An Ode to Curiosity

This Place of Curiosity — the Very Opposite of Judgement — is Often Where I Experience God.

Sam Bush / 5.6.21

One of the best scenes in the opening season of the surprise-hit show Ted Lasso is during a darts match in a sports bar. As the game is heating up and a crowd is clustering around him and his opponent, Lasso tells a story in parabolic fashion. While driving his son to school one day, he sees a quote painted on a wall: “Be curious, not judgmental.” The quote reminds him of the people who used to belittle him when he was young. “Not a single one of them was curious,” he recalls. “They thought they had it figured out. They judged.” Little did they know that Lasso did have something to offer (and little does his opponent know that Lasso is a master at darts). The moral here is that curiosity is the opposite of judgment. Where judgment decides, curiosity searches; where judgment closes a door, curiosity leaves it open.

The scene has stuck with me for months. What does it look like to live curiously? If you’re Ted Lasso, it starts with generally giving people the benefit of the doubt. It looks like living as if you’re still new here in the world, as if there is still more to learn about yourself and about other people, as if life can still be explored. To be curious is to posture oneself as a child — to ask, to seek, to wonder (i.e., to not judge). Lasso isn’t so much endorsing relativism here as he is inviting humility and compassion. Curiosity is almost the definition of frivolity, but its roots run into something of far greater substance.

Conventional wisdom tells us that curiosity is not a virtue. After all, it killed the cat. There is an increasing pressure to be a master in the world (see: the tremendous success of the ever burgeoning Master Class series). To be a master is to have conquered a given subject to the point where nothing can surprise you because you have seen it all and heard it all before. Mastery suggests total control of a given thing. While that sounds appealing to a degree, doesn’t it also sound terribly boring (if not utterly exhausting)?

Ted Lasso’s sense of curiosity pokes a pin dart into the hot air balloon of arrogant judgmentalism. The reason why this delightful character has stolen so many of our hearts is precisely what makes him so confounding to the people around him. His non-judgmental curiosity is the complete opposite of the way the world works.

Lasso’s dart opponent is the archetype of the Master who knows more than everyone else in the room. He can be found at a seminary near you. In academia, the way you typically show you’re smart in the world is by the incisive take-down of someone else. (This often happens when someone tells a classmate, “Sorry, but I just want to push back on what you just said,” which is code for throwing off the gloves.) But, really, everywhere you look — academia, movie review critics, food critics, the talking heads on ESPN or the news, social media — everyone is playing the same game. In the eyes of the world, life is a blood-sport and criticism just happens to be today’s weapon of choice.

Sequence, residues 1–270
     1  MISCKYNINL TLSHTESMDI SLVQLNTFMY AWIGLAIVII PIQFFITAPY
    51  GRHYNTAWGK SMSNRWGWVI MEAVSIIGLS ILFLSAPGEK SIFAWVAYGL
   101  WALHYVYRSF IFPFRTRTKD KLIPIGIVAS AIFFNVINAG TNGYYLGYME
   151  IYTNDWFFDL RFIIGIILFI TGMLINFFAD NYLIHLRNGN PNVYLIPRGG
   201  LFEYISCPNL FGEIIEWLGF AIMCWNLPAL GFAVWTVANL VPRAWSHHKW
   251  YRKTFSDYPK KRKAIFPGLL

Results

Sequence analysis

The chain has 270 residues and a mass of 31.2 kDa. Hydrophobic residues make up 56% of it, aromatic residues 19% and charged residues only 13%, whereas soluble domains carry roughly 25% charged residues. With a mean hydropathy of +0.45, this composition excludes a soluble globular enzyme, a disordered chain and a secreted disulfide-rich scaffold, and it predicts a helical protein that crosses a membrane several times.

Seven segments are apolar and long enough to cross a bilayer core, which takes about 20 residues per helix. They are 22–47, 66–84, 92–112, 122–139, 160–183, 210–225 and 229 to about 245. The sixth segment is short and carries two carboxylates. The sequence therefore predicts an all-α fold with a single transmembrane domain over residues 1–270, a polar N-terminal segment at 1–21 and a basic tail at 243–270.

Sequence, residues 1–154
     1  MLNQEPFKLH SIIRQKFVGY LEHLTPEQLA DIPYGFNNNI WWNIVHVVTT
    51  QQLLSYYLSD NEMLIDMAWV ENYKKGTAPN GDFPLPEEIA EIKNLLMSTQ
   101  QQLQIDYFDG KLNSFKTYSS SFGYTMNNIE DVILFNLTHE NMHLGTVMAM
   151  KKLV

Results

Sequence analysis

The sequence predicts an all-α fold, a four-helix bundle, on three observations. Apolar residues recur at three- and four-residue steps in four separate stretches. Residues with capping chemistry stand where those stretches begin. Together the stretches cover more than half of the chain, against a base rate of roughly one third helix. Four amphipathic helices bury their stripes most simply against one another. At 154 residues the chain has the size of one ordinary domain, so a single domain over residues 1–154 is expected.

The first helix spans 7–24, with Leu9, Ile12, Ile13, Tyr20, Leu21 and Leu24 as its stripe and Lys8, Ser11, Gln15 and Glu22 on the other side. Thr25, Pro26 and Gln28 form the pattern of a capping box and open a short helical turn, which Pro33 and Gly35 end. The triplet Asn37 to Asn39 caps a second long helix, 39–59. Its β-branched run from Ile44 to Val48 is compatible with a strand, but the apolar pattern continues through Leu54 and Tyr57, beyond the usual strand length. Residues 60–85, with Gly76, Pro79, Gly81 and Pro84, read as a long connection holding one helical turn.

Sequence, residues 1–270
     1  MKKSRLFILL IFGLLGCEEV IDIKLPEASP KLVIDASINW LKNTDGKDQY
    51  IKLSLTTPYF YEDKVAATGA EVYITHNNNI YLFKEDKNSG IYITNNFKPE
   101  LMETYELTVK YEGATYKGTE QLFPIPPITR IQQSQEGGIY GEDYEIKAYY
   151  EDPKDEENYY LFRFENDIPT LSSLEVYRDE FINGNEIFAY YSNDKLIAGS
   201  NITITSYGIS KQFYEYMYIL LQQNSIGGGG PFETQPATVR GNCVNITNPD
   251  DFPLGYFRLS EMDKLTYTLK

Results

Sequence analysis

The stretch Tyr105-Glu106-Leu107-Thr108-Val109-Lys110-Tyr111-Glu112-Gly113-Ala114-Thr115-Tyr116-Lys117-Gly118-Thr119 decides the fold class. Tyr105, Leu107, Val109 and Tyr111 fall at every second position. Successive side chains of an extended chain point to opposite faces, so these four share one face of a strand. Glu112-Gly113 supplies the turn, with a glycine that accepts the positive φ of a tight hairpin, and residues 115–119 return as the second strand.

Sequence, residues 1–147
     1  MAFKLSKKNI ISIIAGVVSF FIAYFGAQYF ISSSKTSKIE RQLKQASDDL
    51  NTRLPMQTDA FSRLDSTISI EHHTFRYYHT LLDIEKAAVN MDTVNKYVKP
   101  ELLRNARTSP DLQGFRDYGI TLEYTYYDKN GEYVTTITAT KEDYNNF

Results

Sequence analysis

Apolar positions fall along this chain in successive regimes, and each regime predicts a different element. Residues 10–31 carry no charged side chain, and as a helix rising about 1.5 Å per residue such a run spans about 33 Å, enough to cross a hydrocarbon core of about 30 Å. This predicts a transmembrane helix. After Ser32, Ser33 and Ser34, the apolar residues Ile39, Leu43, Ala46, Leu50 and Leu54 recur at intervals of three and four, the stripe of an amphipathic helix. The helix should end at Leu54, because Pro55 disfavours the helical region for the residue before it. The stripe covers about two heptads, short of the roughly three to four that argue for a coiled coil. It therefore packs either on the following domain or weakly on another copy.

This is why Lasso’s childlike curiosity comes off as naive buffoonery. People mistake his non-judgmental curiosity for stupidity (1 Cor 1:23). Non-judgmental curiosity is not the life-saving alternative to the world’s game but, instead, a weakness to be exploited. While even the Master will eventually suffer the humiliation of defeat over a game of darts, what distinguishes Lasso from the rest is not an endless streak of victory. What sets him apart is the things that will sustain him through defeat. In that sense, faith and hope are synonymous with curiosity.

There is something to be said for an appetite for the unknown. To admit the limitations of one’s perspective is usually the only way to gain more of it. Of course, this falls right in line with the element of surprise that we’re so into right now. To be in a place where you didn’t expect to be and then to realize that you are somehow OK is a reminder that God is bigger than you previously thought. Curiosity may have killed the cat, but it also just might save your life.

Unsurprisingly, children are the champions of curiosity. These days, my three-year-old is constantly asking me Life 101 questions — Can you eat apple seeds? Where does water come from? — to the point where I am constantly readjusting what I think I know and what I don’t actually know. There is a profound freedom in admitting that you don’t know everything, that you haven’t seen it all and heard it all before, that there is something new for you to experience.

I’d be lying if I said that the gospel of God’s grace isn’t often found somewhere I least expected, many times from someone I had completely written off, be that Justin Bieber, Paula White, or Ted Lasso. Scripture tells me that the gospel is often found in the unexpected — the one from Nazareth, Joseph’s son. To be open to what God is doing in my own life and in the lives around me takes a certain amount of curiosity. It requires an openness that I rarely choose on my own. In fact, I will only allow that kind of openness when I feel like I have nothing left to lose. This place of curiosity — the very opposite of judgement — is often where I experience God. “For everyone who asks receives, and everyone who searches finds, and for everyone who knocks, the door will be opened.”

[Warning: Video contains explicit language]